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  1. Hi Fred, you’re question “what will they come away with?” set my mind off on an interesting journey. Here’s where I wandered, on this rather dull Friday morning when my mind should really have been engaged on more mundane bread-winning activities:

    What would make me pick such a book off the shelf? It would have to touch something that is already present within me. People will only take away something they are already predisposed to receive. To some degree, you’ll always be “preaching to the choir” — you’ll have to touch in the reader one or many of those aspects of vision which you list. But I guess that goes without saying really.

    I think there are two facets to the appeal of a book — the theme, or purpose, of the book, and the language, both verbal and visual, and spirit of it. The what and the how, if you like. Most likely it’s the theme that attracts initially, but the language and spirit which holds the attention. If I’m to take it to the cash desk and take it home with me, it would have to have the promise of blowing on the sparks that a casual glance had ignited. And that is a very personal thing; what kindles a flame in one leaves another cold. So to reach a cross-section, variety will be key.

    But going back to your brainstorm, it seems to me that a sense of wonder and delight in the natural world is perhaps the root from which grow so many of those aspirations you list. And if we believe that the inspiration for that wonder and delight is intrinsic in nature, then we simply need to have our eyes opened and our gaze brought to bear until we grasp it for ourselves.

    And here, as Hamlet would have said, is the rub — to communicate such things visually, I can’t help thinking that you’re going to need large format, very high quality printed images. Although maybe you can keep the cost down by supplementing those with images which pick out a particular element of detail in a subject – images that can be small but highly detailed – and then use the text to show us the wonder that we might otherwise pass by.

    I guess what I’m taking a very long and roundabout route to saying is: Show the readers your wonder and delight, let them share in it, hope that it will ignite similar responses of their own.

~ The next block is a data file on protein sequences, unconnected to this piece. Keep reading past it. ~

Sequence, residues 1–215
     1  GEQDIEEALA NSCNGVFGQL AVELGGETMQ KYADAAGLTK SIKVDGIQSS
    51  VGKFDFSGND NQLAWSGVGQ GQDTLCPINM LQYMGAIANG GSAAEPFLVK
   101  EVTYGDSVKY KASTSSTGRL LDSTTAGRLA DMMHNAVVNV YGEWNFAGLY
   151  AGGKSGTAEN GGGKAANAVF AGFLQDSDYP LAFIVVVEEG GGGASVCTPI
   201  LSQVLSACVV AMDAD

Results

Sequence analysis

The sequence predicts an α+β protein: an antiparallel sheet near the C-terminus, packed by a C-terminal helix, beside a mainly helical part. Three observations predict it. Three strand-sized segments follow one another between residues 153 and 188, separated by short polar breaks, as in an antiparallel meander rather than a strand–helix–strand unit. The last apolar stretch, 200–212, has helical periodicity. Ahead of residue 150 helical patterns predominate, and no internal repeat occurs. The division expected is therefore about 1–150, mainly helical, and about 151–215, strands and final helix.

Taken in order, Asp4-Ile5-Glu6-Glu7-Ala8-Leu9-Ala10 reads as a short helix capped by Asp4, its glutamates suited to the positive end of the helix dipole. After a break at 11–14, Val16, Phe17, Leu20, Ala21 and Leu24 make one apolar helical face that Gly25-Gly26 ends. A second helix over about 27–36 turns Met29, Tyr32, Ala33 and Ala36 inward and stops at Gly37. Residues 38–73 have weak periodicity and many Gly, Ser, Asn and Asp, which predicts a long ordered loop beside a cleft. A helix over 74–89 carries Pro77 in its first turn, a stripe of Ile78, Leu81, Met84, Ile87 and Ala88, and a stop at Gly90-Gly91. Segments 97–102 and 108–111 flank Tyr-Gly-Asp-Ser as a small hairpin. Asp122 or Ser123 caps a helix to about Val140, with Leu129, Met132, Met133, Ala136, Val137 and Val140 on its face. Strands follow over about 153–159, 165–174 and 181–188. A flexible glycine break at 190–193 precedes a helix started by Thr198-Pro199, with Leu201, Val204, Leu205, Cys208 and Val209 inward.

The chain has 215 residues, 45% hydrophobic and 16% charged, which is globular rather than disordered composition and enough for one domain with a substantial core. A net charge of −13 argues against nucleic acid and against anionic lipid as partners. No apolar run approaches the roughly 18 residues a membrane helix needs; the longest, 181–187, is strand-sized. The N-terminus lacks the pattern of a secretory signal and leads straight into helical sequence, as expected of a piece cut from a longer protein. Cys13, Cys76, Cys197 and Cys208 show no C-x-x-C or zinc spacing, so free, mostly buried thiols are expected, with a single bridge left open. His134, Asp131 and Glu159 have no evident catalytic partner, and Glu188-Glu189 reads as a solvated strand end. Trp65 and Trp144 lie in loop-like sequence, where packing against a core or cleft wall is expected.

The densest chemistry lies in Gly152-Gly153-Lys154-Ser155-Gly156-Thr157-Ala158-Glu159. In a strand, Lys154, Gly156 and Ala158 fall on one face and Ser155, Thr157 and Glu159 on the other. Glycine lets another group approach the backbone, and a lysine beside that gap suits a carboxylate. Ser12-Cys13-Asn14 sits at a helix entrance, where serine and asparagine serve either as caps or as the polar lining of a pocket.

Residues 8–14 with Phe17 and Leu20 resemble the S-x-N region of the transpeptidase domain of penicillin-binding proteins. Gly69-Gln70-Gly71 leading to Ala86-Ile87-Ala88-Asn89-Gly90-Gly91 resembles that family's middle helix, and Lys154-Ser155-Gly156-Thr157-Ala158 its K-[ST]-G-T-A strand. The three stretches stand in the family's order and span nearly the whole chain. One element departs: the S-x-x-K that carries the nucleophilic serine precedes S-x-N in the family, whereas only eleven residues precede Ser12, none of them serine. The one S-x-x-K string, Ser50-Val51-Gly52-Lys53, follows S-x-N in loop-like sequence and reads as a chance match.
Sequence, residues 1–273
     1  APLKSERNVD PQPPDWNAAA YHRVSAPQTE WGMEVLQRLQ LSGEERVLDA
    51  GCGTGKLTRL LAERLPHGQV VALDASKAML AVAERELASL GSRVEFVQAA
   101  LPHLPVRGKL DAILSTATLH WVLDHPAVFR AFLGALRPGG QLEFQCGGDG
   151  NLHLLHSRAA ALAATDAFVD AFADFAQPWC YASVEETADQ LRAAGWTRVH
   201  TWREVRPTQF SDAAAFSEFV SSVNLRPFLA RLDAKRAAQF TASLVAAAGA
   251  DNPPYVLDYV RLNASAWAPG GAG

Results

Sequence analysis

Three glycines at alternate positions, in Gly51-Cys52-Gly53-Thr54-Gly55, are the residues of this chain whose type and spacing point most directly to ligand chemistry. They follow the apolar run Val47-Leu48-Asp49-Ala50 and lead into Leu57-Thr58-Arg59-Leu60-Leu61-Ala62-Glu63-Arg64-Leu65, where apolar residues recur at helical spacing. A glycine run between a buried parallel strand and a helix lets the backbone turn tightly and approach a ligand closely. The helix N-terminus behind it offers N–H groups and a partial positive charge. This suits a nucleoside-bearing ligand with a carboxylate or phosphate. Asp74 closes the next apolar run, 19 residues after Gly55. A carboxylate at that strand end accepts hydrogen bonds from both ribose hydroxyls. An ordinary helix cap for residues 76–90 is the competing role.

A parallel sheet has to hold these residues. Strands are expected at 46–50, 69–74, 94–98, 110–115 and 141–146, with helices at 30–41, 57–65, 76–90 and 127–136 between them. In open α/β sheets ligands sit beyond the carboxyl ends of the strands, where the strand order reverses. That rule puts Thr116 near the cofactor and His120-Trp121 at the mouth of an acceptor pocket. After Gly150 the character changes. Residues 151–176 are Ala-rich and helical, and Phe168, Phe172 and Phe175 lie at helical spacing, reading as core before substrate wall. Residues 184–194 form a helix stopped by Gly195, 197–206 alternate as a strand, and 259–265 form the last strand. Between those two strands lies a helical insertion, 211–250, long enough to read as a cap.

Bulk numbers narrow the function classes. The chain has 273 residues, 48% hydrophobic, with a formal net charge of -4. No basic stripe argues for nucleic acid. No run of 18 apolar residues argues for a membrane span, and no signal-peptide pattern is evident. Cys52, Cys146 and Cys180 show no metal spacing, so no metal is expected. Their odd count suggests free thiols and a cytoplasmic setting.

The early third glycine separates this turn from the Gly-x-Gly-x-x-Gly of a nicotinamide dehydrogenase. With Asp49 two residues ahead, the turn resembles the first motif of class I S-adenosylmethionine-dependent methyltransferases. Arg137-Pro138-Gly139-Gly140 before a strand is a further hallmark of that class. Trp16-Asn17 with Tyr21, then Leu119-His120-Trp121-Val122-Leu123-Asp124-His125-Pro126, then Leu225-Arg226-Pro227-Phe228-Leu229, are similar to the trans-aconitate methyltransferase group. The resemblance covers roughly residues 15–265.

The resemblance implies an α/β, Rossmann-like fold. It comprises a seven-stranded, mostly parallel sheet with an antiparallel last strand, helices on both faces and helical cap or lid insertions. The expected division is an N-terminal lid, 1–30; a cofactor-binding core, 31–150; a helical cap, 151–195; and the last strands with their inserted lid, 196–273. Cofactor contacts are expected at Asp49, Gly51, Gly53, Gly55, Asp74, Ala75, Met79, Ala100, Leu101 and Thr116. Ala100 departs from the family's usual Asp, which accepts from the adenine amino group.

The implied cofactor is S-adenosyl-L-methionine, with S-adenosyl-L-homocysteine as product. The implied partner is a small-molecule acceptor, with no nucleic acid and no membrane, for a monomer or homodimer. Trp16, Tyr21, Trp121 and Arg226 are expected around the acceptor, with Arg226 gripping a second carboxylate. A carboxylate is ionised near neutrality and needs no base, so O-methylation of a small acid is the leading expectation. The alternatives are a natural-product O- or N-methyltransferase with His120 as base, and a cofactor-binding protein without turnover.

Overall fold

2. Maybe the beauty, peace and wonder of what we have, and how it’s threatened by the vision of certain idiots who want to dominate and control, to obtain wealth to line their pockets, and boost their sick egos!

  3. Your pictures fill me with a sense of yearning for a place I haven’t been, as well as bring to mind sweet memories of a childhood spent in the rolling farmland of Wisconsin. Thank you. I’m sure the new book will do the same.

  4. Your visual essay (at the Franklin County Library) gave us the graphic contrast between the lights and noise of the video arcade full of young children, and your grandaughter playing with a discarded blue kite she found on the beach, then delightedly clambering around in your creek. Those images would help sell such a book…and the concept.

    Not everyone is fortunate enough to live in the woods (we are) so there would need to be something to appeal to city folks. I raised my kids, who then raised my grandkids, with a kitchen garden. They delighted in showing it off to visitors and neighbors. And they can grow many ‘crops’ such as cherry tomatoes, swiss chard, lettuce, small cukes, in pots or window boxes.

    With today’s valid concern about the cleanliness and safety of our produce, I’d suggest that possible topic.

    Schools, as you know, often set up an area as a neighborhood garden to show kids how much fun it can be to plant and tend crops, then pick them to take to their homes.

    OK, I’ll step down off my soapbox now…